"All dreams can come true if we have the courage to pursue them." Walt Disney
A long time ago, when my youngest was 1 year old, we got our first computer. I had a love/hate relationship with that machine, but in spite of my limited understanding of how to use it, I decided to write my first book. You see, I'd been writing poetry since my teens. Words had always been my friends, and I had stories to tell. And so, like anyone with a mission, I dug into research, plotted my story and typed the words that would, from that time forward, define me. But unlike Kevin Costner in Field of Dreams, no one came when I built my magical world, word by word by word. Except Jack. ;)
"If you can dream it, you can do it." Walt Disney
Years passed. My children grew. And with this new freedom, I had more time to devote to writing. I worked harder and sent out my finished work to agents and editors, ever hopeful someone would see my genius. It was a hopeful time - a lonely time. Especially when rejections came swift and true. But even steel must be tempered. I kept this in mind as I began subsequent books and connected with my writing chapter as a lifeline.
"Throw another buoy!"
"You don't build it for yourself.
You know what the people want and you build it for them." Walt Disney
Herein lies the dilemma. As a reader, we know what we like to read. But as a writer, how do we access that passion and harness it, mold and scuplt our worlds in such a way agents/editors/readers can relate to them? For the past two weeks I'd been grappling with this very idea, especially after some bad contest results. As a result, I began to ask myself serious questions about my future. I was nearing another birthday, the deadline for publishing I'd given myself years ago. How long did I want to keep at this? How far was I willing to go to bring my world to life? (Even the gold pirate in Cozumel refused to answer.)
"Get a good idea and stay with it. Dog it and work it, until its done and done right." Walt Disney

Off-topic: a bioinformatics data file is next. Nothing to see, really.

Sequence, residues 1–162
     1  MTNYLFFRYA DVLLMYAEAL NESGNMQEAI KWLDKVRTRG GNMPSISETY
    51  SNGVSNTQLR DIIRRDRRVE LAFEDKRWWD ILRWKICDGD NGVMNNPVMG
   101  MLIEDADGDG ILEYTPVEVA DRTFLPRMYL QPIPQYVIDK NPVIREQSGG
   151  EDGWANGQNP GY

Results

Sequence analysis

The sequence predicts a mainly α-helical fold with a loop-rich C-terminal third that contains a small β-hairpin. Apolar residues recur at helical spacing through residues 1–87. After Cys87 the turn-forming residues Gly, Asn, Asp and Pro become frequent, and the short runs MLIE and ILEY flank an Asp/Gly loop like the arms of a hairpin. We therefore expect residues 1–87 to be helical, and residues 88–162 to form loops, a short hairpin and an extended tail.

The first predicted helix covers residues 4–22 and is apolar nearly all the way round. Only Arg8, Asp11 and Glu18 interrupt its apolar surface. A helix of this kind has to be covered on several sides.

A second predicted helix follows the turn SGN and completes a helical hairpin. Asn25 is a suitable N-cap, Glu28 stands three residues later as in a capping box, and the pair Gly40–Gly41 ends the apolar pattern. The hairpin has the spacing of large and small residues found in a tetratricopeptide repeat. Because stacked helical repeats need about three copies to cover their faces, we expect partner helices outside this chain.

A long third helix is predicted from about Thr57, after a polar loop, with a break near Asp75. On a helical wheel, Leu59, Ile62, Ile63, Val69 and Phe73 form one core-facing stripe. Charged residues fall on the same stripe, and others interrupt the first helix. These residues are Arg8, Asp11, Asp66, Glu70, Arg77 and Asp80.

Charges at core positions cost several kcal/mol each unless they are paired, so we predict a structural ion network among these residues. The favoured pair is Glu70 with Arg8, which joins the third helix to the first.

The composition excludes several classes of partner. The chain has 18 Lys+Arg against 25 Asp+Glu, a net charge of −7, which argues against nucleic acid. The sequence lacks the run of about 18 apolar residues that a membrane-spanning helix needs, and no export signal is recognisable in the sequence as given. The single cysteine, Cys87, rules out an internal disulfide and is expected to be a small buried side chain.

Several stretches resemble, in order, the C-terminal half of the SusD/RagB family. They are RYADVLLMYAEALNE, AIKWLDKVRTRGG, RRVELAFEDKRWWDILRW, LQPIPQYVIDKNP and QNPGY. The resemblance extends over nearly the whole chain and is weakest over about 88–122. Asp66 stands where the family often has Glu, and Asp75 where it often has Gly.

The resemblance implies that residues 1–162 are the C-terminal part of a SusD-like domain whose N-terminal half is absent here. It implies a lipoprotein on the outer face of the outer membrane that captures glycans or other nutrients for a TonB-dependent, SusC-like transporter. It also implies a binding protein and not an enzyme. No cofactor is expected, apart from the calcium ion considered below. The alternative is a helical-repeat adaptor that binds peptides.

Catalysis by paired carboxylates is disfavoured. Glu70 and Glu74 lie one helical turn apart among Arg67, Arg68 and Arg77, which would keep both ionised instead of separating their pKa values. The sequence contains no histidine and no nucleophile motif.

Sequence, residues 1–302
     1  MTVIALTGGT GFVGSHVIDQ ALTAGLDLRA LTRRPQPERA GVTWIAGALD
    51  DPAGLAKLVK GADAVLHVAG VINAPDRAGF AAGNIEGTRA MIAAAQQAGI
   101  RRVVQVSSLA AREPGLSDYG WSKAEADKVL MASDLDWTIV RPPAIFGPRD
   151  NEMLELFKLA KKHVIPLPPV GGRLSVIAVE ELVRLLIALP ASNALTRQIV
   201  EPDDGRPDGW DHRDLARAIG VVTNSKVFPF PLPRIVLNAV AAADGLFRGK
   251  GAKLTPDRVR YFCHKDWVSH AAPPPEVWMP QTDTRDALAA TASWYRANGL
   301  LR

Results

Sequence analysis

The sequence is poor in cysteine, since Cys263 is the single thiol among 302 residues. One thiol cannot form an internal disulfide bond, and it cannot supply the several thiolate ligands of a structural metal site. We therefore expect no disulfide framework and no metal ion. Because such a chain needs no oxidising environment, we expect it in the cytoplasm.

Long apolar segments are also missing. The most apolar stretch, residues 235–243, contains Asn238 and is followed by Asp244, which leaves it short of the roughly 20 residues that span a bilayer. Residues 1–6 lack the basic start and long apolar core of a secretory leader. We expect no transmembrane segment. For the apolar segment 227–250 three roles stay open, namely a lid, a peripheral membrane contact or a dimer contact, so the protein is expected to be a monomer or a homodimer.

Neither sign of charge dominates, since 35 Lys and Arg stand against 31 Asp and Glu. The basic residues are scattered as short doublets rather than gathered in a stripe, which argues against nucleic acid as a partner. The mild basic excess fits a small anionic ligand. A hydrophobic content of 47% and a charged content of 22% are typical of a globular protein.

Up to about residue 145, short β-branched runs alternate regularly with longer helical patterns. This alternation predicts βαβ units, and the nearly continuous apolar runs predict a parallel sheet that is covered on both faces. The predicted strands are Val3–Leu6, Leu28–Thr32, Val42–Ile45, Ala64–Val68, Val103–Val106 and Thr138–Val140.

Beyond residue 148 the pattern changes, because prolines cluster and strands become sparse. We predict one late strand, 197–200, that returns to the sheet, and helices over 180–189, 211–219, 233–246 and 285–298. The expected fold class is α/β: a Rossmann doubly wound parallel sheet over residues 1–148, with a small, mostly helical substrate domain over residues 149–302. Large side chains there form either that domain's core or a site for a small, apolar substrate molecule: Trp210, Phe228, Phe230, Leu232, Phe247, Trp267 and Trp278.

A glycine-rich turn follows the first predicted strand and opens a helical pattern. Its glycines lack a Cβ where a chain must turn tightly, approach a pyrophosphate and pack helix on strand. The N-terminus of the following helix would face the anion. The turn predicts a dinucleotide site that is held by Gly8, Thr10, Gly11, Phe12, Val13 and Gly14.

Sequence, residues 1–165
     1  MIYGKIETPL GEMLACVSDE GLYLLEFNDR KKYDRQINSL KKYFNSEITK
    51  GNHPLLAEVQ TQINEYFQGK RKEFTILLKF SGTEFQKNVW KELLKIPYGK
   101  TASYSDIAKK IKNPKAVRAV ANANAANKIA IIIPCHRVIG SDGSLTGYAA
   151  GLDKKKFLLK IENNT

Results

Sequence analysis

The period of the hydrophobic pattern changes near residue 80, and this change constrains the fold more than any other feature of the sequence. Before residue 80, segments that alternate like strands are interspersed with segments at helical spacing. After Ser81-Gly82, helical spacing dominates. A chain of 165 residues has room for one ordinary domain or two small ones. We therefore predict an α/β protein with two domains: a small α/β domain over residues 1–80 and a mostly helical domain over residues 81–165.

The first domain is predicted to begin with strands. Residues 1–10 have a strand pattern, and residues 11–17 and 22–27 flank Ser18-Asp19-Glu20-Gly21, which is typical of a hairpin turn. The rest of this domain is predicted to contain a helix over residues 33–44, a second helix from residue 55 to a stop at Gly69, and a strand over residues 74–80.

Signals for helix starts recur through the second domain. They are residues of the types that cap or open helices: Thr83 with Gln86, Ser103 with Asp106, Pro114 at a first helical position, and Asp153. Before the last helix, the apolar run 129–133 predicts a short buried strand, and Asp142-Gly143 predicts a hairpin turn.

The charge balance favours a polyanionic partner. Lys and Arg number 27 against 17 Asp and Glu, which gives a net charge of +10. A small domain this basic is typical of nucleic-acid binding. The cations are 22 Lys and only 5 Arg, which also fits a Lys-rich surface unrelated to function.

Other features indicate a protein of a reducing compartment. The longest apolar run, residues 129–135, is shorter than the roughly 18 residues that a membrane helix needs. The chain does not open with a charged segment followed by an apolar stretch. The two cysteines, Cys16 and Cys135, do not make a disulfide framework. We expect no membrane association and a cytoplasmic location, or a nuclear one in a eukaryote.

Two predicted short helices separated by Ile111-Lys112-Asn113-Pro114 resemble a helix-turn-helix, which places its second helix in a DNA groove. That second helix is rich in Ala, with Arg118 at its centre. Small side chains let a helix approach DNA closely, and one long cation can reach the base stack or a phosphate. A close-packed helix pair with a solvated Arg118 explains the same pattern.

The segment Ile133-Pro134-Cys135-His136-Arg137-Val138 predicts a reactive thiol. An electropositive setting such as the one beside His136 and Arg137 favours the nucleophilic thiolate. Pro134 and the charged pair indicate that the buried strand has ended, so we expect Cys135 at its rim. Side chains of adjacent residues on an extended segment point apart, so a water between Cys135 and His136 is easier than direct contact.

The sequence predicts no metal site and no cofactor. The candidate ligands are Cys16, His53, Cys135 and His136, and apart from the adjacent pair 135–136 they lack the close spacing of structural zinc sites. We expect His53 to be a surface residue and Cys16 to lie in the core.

A week ago, I left work and ran some errands. Because I hadn't had time to eat, by the time I got home, I was ready to plunder a ship for grub. Once I'd gotten my rations, I put my feet up for a bit before going to my computer to trigger mayhem in the 1800's. Before I did however, I peered at my phone at 3:00 p.m. and decided to peruse my e-mail. That was when I saw it! Standing out like a flame was a message from Jennifer Lawler at Crimson Romance. Thinking I'd just gotten another rejection, I opened it. But it wasn't a rejection this time! It was an offer to publish my book, DUKE BY DAY, ROGUE BY NIGHT!!!! I spoke slowly and steadily to my mother, as if hearing the news aloud would make the reality that much clearer. Then when no cannon fire resulted, and after a hushed silence, Mom and I busted out with loud SQUEEE's and hugs. (Take that Pembridge Scholars!)
"It's kind of fun to do the impossible." Walt Disney
I've done what was said was impossible. I met my personal deadline and am now celebrating an exciting future with Crimson Romance. Thank you, Jennifer Lawler, for taking a chance on DUKE BY DAY, ROGUE BY NIGHT!
If you've ever partied in this half of the hemisphere, you'll know no partay is right unless Jack comes along. The two of us have dipped into the Rum keg. BYO to the partay!
What's the biggest surprise you've ever gotten in an e-mail? Was there Rum involved?